The latest aspects of mobile application development cannot stand separate from data and analytics. In a changing world, consumers demand an immediate insight to their “mobile moments,” the exact points where real-time data fuels the decision-making process and prompts buyers to initiate a purchase, while allowing businesses to present their brand consistency across different devices.
Big Data and Business Analytics
To make this happen effectively, enterprises need to have access to real-time data from a wide range of sources to facilitate these processes, where business analytic and big data play vital. To assess its significance in the changing world, here we will focus on global supply chain management (SCM) to demonstrate the relationship between Big Data and Business Analytics to ensure an effective business process. To make the excerpt as brief as possible, we will limit the discussion to the exact few points.
Firstly, the size of data when it comes to handling big data analysis is overwhelming. Going past the era of petabytes and zettabytes, now we are moving to the yottabyte, which is 10 to the power of 24 bytes.
Next, what makes this huge amount of data more complicated is that it is mostly unstructured and cannot be stored in traditional databases. There may be a mix of text, videos, word documents, PDF files, presentations, telecommunications, and in the last few years, the volume of these types of unstructured data surpassed the amount of the entire data ever created before it.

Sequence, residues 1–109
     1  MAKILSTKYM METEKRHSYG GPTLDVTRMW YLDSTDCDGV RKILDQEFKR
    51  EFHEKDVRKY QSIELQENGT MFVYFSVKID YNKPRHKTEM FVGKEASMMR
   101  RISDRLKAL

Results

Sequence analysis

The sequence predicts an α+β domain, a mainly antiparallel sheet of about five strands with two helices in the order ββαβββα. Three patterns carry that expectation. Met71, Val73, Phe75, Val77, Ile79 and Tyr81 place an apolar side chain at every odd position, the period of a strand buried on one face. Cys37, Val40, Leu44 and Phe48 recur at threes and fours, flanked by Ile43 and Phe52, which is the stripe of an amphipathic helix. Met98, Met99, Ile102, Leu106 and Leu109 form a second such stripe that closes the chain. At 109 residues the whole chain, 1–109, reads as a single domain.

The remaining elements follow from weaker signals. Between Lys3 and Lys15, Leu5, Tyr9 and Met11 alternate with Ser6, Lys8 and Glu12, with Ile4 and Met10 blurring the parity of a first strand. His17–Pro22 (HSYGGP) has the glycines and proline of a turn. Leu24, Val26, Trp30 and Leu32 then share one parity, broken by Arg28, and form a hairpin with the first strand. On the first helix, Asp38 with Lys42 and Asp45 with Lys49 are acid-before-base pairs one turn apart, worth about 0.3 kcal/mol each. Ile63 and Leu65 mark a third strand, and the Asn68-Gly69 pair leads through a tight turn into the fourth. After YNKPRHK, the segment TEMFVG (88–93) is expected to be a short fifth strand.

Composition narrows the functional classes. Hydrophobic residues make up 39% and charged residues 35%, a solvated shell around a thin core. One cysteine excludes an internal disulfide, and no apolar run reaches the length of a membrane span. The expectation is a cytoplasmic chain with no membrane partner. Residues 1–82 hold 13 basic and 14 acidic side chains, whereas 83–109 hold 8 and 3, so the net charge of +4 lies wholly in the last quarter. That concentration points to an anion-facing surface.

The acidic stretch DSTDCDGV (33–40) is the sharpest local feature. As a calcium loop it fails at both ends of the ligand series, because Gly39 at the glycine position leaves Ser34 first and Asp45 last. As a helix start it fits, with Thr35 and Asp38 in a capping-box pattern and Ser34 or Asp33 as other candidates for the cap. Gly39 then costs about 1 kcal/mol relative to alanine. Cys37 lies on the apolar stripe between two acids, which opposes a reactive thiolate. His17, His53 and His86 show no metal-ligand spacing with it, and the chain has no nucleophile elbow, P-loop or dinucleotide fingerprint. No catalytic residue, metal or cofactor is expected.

The latest advancement in Internet of Things (IoT) contributes more to big data than any other sources. Having watchful sensors across the globe ranging from wristbands, home electronics, cars, street corners, and GPS to everything else, IoT is exponentially growing.
All these have significant benefits. In the book “The Second Machine Age,” Andrew McAfee and Erik Brynjolfsson (MIT professors) point out the capabilities of apps to recognize third-party inputs from users and process them to share meaningful data points back to the users.
They mention Waze, the mobile app which turns all user smartphones into sensors which constantly upload data to the servers. With information shared by thousands of such sensors, users share information like where an accident took place or where a police aid center is. All the data then gets processed in the form of intelligence which allows thousands of users to know what is going around and how to ideally respond to the situations. This was almost impossible before the introduction of IoT and analytics.
Business Intelligence and Big Data in Global SCM
When it comes to supply chain management, most of the administrators are not much empowered, and the others largely leverage business intelligence that is derived out of big data.
To find the actual wisdom that lies therein, business administrators are looking for tools like predictive analytics to get answers for questions like:
What will happen by giving everything we know?
What should we do to attain success?
If someone runs an SCM, e-commerce, debt consolidation company, or logistics business, when it comes to what one should do to attain success through actionable insights, it goes mostly to what Gartner calls “Prescriptive Analytics,” which is out of the scope of this article and to be discussed later.